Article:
- any of various slender, open boats, tapering to a point at both ends, propelled by paddles or sometimes sails and traditionally formed of light framework covered with bark, skins, or canvas, or formed from a dug-out or burned-out log or logs, and now usually made of aluminum, fiberglass, etc.
- any of various small, primitive light boats.
- to paddle a canoe.
- to go in a canoe.
- to transport or carry by canoe.
- paddle one's own canoe, Informal.
- to handle one's own affairs; manage independently.
- to mind one's own business.
Origin of canoe
Examples from the Web for canoe
My partner Brandon and I awake at the crack of dawn for a canoe ride on the milky blue glacial waters of Lake Louise.Our Trip to The Climate War's Ground Zero
September 19, 2014
So I go out in a canoe and repeat verses over and over and try and learn poems.‘The Good Wife’s Christine Baranski on Life After Will Gardner’s Death
April 21, 2014
That canoe he paddles in Parks, that episode where Ron is a canoe, Nick Offerman built that canoe, for real!Parks and Recreation’s Aziz Ansari Is 30 Years Old and Writing a Book About Modern Love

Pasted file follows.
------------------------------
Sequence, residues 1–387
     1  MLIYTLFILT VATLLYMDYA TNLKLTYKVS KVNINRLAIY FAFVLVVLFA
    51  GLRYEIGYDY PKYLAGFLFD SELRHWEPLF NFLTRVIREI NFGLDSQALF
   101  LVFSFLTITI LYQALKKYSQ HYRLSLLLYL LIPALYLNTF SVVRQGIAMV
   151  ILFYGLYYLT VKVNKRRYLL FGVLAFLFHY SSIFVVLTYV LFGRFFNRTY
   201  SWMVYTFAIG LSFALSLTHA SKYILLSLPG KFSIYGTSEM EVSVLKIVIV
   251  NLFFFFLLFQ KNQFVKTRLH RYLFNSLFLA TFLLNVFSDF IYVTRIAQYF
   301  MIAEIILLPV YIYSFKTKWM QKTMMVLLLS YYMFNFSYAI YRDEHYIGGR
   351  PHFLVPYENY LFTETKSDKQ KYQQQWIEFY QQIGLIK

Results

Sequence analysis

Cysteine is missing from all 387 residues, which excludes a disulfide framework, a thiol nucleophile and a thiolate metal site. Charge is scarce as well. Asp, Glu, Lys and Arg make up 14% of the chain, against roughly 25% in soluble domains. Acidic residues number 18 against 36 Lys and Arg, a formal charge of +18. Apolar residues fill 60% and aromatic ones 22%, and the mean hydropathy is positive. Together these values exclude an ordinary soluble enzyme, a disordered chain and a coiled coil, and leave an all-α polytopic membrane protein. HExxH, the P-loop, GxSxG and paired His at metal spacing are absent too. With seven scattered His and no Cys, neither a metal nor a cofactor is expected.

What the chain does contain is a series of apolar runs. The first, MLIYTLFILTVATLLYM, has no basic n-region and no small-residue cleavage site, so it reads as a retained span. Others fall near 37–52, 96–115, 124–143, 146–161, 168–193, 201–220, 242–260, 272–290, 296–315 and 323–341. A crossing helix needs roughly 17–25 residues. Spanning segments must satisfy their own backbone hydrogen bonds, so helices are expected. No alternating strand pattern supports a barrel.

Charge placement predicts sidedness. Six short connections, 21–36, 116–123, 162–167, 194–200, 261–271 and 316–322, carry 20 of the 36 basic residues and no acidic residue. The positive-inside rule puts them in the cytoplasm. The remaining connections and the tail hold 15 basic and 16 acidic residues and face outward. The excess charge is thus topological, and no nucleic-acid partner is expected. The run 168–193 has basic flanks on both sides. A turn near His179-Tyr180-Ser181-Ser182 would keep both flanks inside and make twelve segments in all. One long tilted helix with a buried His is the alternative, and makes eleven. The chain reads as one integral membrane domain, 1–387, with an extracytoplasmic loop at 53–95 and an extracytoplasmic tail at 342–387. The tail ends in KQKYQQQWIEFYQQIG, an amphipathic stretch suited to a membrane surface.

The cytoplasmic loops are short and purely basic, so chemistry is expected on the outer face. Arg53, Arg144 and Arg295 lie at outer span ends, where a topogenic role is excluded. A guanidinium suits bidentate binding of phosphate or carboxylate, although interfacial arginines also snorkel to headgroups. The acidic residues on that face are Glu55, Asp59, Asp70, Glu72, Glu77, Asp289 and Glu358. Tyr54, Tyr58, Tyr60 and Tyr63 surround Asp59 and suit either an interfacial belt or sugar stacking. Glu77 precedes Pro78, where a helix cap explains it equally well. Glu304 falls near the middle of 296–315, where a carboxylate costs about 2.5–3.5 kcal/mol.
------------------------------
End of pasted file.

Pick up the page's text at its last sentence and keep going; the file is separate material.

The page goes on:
November 12, 2013
Kalaj is the opposite of the narrator—brash, outspoken, adventurous, and canoe tipping—and they make an odd couple.This Week’s Hot Reads: April 8, 2013
G. Clay Whittaker
April 9, 2013
When the Queen and Prince Philip visited Tuvalu in 1982, Her Majesty was carried ashore in a canoe by locals.Kate To Take Personal Hairdresser On Tour
August 31, 2012
If it's all a fake of his, how came you to have heard of Braybridge paddling the canoe back for her?Quaint Courtships
We all went ashore in this canoe, then, and were soon alongside of a wharf.
We carried off one canoe load, and even returned for a second.
Enoch was waiting for us, and helped me lift Cross from the canoe.In the Valley
Here the canoe was driven upon the beach, and the whole party landed.The Last of the Mohicans
James Fenimore Cooper
- a light narrow open boat, propelled by one or more paddles
- NZ another word for waka (def. 1)
- in the same canoe NZ of the same tribe
- to go in a canoe or transport by canoe
Word Origin and History for canoe
1550s, originally in a West Indian context, from Spanish canoa, a term used by Columbus, from Arawakan (Haiti) canaoua. Extended to rough-made or dugout boats generally. Early variants in English included cano, canow, canoa, etc., before spelling settled down c.1600.